Steps to start a catering business

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5 steps to start a catering business


So you’ve finally done it: you’ve decided to set up as your own boss. Your dream of having your own catering business is within reach.

If you do it right, you will soon be the proud owner of a catering business that reflects your values and tastes and, most importantly, makes your customers happy.

I’ve created a simple five step process that anyone can follow to get started. It’s designed to help you decide what kind of business you want to run, plan where it’s going to be sited, equip a kitchen and be ready to market your business to attract customers…

1. Know what kind of food you want to serve

Spend a long time thinking about what food you are going to serve, how customers are going to order, and how long they are going to sit eating the food that you give them.

Think about the specifics of the menu: list the individual ingredients needed for each dish. Look at food suppliers and find out how much they charge for the food you want and when they deliver.

Then answer these questions:

  • What do you need to store your ingredients in?
  • What equipment do you need to prepare it?
  • What dishes will need storing between prepping and cooking?
  • What production equipment will you use to cook it?
  • How will it be presented?
  • Do you need to wash up the serving dishes afterwards?
  • How many people can you serve in an hour? A day? A week?

Once you’re able to answer these questions, you should know how much storage space you’ll need, what refrigeration you will have to buy, what prep space you need, what prep and production equipment you need, what crockery you want and what dish-washing facilities you need.

You’re now ready to start planning where your catering business will be…

2. Find your location

Location will be vital to the future success of your company. Even if you are setting up a mobile catering business it’s still important to know where you will pitch up.

It’s vital you get your positioning right for viability, visibility, footfall and finding the right customers.

Research the area, find commercial agents and chat to them about footfall patterns and rents.

Visit existing businesses in your sector and find out what their experience has been with passing trade and competition, before deciding where to base your business.

3. Design your kitchen

If you know what food you want to serve and where you are going to be serving it, you can plan your kitchen.

Think long and hard about this – it’s incredibly difficult to change your kitchen around once you’ve set it up. In the years we’ve spet supplying catering equipment we’ve seen caterers stuck with the wrong kit for years. It ends up gathering dust rather than making money.

The best way to design a kitchen is to create a ‘flow’: have each part of the food creation process flow naturally into the next.

So start with where you’re going to receive deliveries, have a place to hold and check deliveries, then add storage (both dry and refrigerated), move onto the prep area, then onto preparation, production and serving, before pot wash and waste.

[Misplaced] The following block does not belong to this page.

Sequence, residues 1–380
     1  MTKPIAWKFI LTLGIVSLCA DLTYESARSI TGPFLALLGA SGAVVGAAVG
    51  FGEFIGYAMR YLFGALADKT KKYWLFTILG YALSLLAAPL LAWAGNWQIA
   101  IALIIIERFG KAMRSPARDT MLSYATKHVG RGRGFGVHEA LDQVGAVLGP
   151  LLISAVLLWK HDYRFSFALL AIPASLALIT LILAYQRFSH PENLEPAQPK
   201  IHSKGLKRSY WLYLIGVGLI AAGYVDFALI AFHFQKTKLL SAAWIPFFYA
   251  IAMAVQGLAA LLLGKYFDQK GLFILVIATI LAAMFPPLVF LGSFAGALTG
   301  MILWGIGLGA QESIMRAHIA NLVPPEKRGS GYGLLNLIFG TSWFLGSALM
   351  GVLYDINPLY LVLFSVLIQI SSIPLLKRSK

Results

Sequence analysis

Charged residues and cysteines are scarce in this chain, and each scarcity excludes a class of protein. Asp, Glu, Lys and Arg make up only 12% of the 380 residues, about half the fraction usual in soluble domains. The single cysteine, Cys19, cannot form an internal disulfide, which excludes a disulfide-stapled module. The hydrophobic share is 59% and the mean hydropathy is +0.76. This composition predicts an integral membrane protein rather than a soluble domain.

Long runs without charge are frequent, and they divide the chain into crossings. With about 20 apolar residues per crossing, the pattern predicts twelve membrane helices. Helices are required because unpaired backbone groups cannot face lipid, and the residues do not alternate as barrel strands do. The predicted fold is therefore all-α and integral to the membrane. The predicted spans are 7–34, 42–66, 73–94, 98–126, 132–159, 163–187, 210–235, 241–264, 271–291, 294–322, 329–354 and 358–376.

4. Finance your equipment

A lot of new caterers have to make a choice between three buying options: buying outright, hire purchase, or second hand.

However you purchase, it’s difficult to get your hands on the catering equipment you need without either facing a high outlay right at the start of your business’ life or tying yourself into a long-term contract.

It can seem a little scary when you are first starting out, when cash flow is most pressured.

This is why we think it’s important to put time into planning your menu before anything else. It allows you to know exactly what equipment you will need. It also gives you the time to research what models are best suited to your needs and give the best value for money.

Because of this, it’s important to be flexible about how you procure catering equipment. Renting can sometimes leave you with free capital. Buying second-hand – as long as it is from a reputable dealer and comes with a good warranty – can be a good option to reduce your outlay.

There is also a new option which leaves you with brand new equipment, no large initial outlay and doesn’t tie you into a new contract: Try It Buy It from U-Select. This is a 12 month contract to hire your equipment with no need to buy when you reach the end of your contract. If your catering business is a success you can either carry on renting or buy at a reduced price.

5. Market like a master

If no one knows about your catering business, you are going to find success hard going. You have to become a champion for your brand to drive your business forward.

Leaflet your local area with a simple offer that you can use to attract people in. Make it worth their while: a free starter or bottle of wine with every three-course meal perhaps? There’s no substitute for getting customers in the door and showing them a good time. They WILL tell their friends and that word-of-mouth is better thn any advertising campaign.

Begin finding ways to collect customer email addresses. Write emails introducing your menu and staff that also include offers to reward customers for coming back time and again.

Services like Mailchimp allow you to contact up to 2,000 customers for free, and this can be more than enough to build a loyal and profitable fan base.

I hope this five point plan gives you the tools you need to work towards your dream. Good luck!